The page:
In wild-type embryo, Sox9 expression was strongly detected in the ventral tracheal mesenchyme beginning at E11.5 (Fig. 3A) and this ventral-specific expression of Sox9 persisted through E15.5, when the chondrocyte differentiation and cartilage formation were completed (Fig. 3C,E). Sox 9 expression was readily detectable in the tracheal cartilage well after chondrogenesis on E17.5 (see Supp. Fig. S1A, which is available online). Sagittal sections of wild-type embryos showed continuous Sox9 expression along the anterior-posterior axis only in the ventral tracheal mesenchyme at E12.5 (Fig. 3G), which then became segmented on E13.5 (Fig. 3H). In the mesenchyme of Shh−/− tracheo-esophageal tube, Sox9 was transiently expressed from E11.5 to E13.5 (Fig. 3B,D); its expression was completely lost by E15.5 (Fig. 3F) and was not detectable at E17.5 (Supp. Fig. S1B). Although Sox9 expression was weakly detectable at E11.5 and E13.5, the ventral restriction of Sox9 expression pattern was disrupted and instead a circumferential expression pattern on both the dorsal and ventral sides of the tracheo-esophageal tube in Shh−/− embryos was observed (arrows, Fig. 3B,D). Transient early expression and expression patterning of Sox9 in Shh−/− tracheo-esophageal tubes during chondrogenesis suggest that Shh signalling is not only required for initiation of Sox9 expression but is necessary for its maintenance and the ventral-specific expression of Sox9.
The Col2a1 expression pattern overlapped with the expression of Sox9 in developing wild-type trachea as previously described (Elluru and Whitsett, 2004), (Fig. 3I–P). Col2a1 expression is known to be essential for differentiation of condensed mesenchymal cells into chondrocytes and subsequent formation of the cartilage during the later stage of chondrogenesis (Barbieri et al., 2003). In the mutant tracheo-esophageal tube, unlike Sox9 expression, Col2a1 expression was not detectable between E11.5 and E15.5 (Fig. 3J,L,N). Therefore, the lack of Col2a1 expression, together with the loss of Sox9 expression in the Shh−/− tracheo-esophageal tube, account for the failure of both chondrogenesis and subsequent tracheal cartilage formation observed in Shh−/− embryos.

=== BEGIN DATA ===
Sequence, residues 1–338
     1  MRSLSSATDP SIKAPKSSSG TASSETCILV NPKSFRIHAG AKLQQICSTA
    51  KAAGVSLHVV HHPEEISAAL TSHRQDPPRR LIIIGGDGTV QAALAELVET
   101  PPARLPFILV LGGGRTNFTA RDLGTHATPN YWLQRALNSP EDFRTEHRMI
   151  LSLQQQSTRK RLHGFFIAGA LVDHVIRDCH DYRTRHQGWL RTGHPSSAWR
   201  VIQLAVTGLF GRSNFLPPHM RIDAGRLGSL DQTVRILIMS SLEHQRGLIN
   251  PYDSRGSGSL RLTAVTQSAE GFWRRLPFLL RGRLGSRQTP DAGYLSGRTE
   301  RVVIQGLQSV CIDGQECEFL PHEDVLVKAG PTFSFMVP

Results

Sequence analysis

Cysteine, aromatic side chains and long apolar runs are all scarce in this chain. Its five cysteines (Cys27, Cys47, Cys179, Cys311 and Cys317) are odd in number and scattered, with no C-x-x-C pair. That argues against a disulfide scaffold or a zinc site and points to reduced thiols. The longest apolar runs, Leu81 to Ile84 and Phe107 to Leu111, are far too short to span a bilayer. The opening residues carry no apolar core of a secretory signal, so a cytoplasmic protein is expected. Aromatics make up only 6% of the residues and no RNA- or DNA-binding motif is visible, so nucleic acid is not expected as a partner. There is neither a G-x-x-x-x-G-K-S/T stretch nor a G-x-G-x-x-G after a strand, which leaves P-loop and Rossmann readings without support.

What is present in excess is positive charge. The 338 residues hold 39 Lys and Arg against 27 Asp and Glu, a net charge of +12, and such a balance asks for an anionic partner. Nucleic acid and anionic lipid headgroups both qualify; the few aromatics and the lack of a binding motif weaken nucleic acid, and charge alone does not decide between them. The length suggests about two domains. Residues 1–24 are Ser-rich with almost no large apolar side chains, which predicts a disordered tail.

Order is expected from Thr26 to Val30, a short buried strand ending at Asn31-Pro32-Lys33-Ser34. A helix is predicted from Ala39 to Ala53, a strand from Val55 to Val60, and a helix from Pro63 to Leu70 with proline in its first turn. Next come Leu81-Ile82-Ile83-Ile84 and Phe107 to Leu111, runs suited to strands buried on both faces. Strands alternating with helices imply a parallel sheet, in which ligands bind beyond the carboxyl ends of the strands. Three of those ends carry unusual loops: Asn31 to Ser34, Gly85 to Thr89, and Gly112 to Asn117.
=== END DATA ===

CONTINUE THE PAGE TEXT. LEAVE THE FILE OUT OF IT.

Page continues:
Increased Apoptosis and Reduced Proliferation of Sox9-Expressing Cells and Decrease in Gli1 Expression Are Attributable to the Loss of Sox9 Expression in Shh−/− Foregut
Shh signalling promotes cellular proliferation (Dahmane et al., 2001; Sanchez et al., 2004) and inhibits apoptosis (Thibert et al., 2003). To determine whether the absence of chondrogenesis due to the lack of Sox9-positive mesenchymal cells in Shh−/− embryos is due to lack of proliferation or excessive loss of the committed cells, we examined mesenchymal proliferation and apoptosis using BrdU and TUNEL assays. Our BrdU and TUNEL assays show that there is a significant reduction in proliferation of mesenchymal cells and an increase in the number of apoptotic cells in the Shh−/− tracheo-esophageal mesenchyme compared to the wild-type (Fig. 4). We then asked whether such a decrease in proliferation and increase in apoptosis in the Sox9-expressing mesenchymal cells accounted for the loss of Sox9 expression observed in the Shh−/− tracheo-esophageal mesenchyme. BrdU-Sox9 double-staining of wild-type embryos showed a number of Sox9-expressing mesenchymal cells that were proliferating in the ventral mesenchyme of trachea (yellow arrow, Fig. 4A). However, in Shh−/− embryos, although weak Sox9 expression was circumferentially found in the tracheo-esophageal mesenchyme, the majority of these cells were not proliferating (Fig. 4B). In addition, our TUNEL-Sox9 double-staining showed that in wild-type embryos, none of the Sox9-expressing cells were undergoing detectable apoptosis (Fig. 4C). In contrast, many of the Sox9-expressing mesenchymal cells were undergoing cell-programmed death in Shh−/− embryos (arrow, Fig. 4D). Taken together, the loss of Shh signalling results in increased cell death and reduced proliferation of Sox9-expressing cells, which contributes to the failure of maintaining Sox9 expression past its initial expression.
Gli1, one of the downstream transcriptional factors of Shh, up-regulates Sox9 expression by directly binding to a putative binding site within Sox9cre1, a cis-acting regulatory element 1.1 Mb upstream of Sox9 (Bien-Willner et al., 2007). We have shown that Sox9 expression was detected at E11.5 but was lost beyond E13.5 in the Shh−/− tracheo-esophageal tubes (Fig. 3B,D,F). To determine whether the Gli1 expression level in Shh−/− embryos correlates with the apparent reduction in Sox9 expression, we measured the expression of Gli1 in E11.5 and E13.5 wild-type trachea and the Shh−/− tracheoesophageal tube using real-time PCR. Interestingly, compared to Gli1 expression in wild-type at E11.5 and E13.5, there was a 50% reduction of Gli1 expression at E11.5, and up to 90% reduction of Gli1 expression was noted at E13.5 in the Shh−/− tracheoesophageal tube (Fig. 4E). This result suggests that Sox9 expression during tracheal cartilage development requires Gli1 and this regulatory interaction may be dose-dependent.
Shh Signalling Regulates Ventralization of Sox9 Expression